Normal lifespan of a CPU is around 10 years. When you overclock you can decreas the life of the CPU but some will last 1-2 years overclocked and some will last 10+years overclock. No one can say for sure how long that CPU will last at that speed and voltage. No one can tell you how long it would last at stock speeds. At stock it could die at 4 years or go forever.
I have a Celeron 566 that has beed overclocked to 850 for over 7 years now and still runing. I have been overclocking a long time and I have never lost a CPU.
Most of the time you will replace the CPU before you kill it. But Anandtech has killed a QX9650 with too much FBS Term voltage.
Honestly the biggest issue isn't the CPU dying completely it's unexpected errors. Functional deterioration might occur and you won't even know it until it's too late. Sometimes this means extra BSODs but sometimes it means a lot of data loss or even file system errors.
You might cut the lifespan of a chip by a few years, but if you're interested in overclocking in the first place you will probably be replacing the chip within 2 or 3 years anyway.....
If you're not touching the voltages and keeping it cool the life expectancy won't change. In fact if you overclock and use an aftermarket cooling there's big chance that life expectancy may be increased.
I'd say the cooling solution adds up a lot as well.
I mean, it ain't the same at all having you processor running at 60º at full load than running it at 41ºC at full load (my own experience, lol). The whole case lights up and all share a lot more heat, so the proccessor might hold up a few years, but the other components are not meant to keep up with those temps.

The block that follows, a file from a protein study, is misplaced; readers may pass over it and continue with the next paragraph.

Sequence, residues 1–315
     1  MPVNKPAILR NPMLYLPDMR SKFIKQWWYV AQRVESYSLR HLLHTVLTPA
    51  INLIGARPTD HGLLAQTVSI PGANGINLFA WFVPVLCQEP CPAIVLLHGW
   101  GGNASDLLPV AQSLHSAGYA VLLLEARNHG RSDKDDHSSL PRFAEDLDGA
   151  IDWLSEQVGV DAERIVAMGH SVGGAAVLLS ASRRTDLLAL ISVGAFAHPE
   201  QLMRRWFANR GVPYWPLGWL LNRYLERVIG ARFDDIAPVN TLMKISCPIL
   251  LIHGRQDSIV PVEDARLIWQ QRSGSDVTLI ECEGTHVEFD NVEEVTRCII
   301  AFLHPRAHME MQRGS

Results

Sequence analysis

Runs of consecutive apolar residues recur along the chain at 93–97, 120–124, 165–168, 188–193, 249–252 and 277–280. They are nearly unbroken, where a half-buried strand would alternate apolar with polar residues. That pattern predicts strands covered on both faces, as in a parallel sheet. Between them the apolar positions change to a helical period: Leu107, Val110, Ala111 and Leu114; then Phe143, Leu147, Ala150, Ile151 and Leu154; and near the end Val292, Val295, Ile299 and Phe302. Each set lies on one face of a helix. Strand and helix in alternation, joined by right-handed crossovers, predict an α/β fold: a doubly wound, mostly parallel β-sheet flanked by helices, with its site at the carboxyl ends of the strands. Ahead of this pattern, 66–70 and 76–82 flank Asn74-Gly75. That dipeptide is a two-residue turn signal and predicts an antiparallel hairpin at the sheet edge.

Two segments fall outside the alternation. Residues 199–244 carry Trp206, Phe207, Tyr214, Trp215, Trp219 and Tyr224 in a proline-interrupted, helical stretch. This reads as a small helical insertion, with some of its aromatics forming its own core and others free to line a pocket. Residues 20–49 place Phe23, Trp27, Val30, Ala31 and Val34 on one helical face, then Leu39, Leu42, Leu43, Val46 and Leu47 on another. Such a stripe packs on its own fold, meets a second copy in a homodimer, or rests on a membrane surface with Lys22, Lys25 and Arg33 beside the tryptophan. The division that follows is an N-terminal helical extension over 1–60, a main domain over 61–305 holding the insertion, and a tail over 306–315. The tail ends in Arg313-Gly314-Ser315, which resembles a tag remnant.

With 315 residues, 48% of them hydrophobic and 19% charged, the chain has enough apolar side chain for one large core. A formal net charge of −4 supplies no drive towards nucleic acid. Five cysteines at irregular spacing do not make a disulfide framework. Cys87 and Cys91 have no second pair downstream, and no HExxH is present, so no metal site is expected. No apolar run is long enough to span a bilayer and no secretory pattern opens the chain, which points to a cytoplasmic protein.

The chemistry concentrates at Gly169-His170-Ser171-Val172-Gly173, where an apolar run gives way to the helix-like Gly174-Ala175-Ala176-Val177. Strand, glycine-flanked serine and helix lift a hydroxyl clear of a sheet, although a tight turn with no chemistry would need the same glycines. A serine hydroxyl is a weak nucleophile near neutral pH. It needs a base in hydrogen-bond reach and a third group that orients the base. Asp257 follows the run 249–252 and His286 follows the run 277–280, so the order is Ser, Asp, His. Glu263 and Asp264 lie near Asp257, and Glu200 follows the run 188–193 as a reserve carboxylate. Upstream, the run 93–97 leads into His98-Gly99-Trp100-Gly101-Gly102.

Well, anyway, my old P3@966Mhz (850Mhz PC100 stock) is still up and running, but it has an Athlon XP after market cooler attached to it running at 35º-ish under load and a lot of vent inside the case.
Good cooling is a must, otherwise you'll reduce the lifespan of the CPU and possibly make it unstable. The best solution is an aftermarket cooler like the Arctic Cooling Freezer 7 Pro (or whatever # they're up to now) which blows the heat directly out the back of the case instead of to the side. Put a nice 120mm fan on the back right behind the CPU heat sink and you've got very effective heat removal.
If you're talking graphics cards the situation is a bit different, but again it all comes down to cooling. As long as you can keep temperatures generally the same or better than stock it's no problem, and the best solution again is to blow the hot air directly out the back of the case.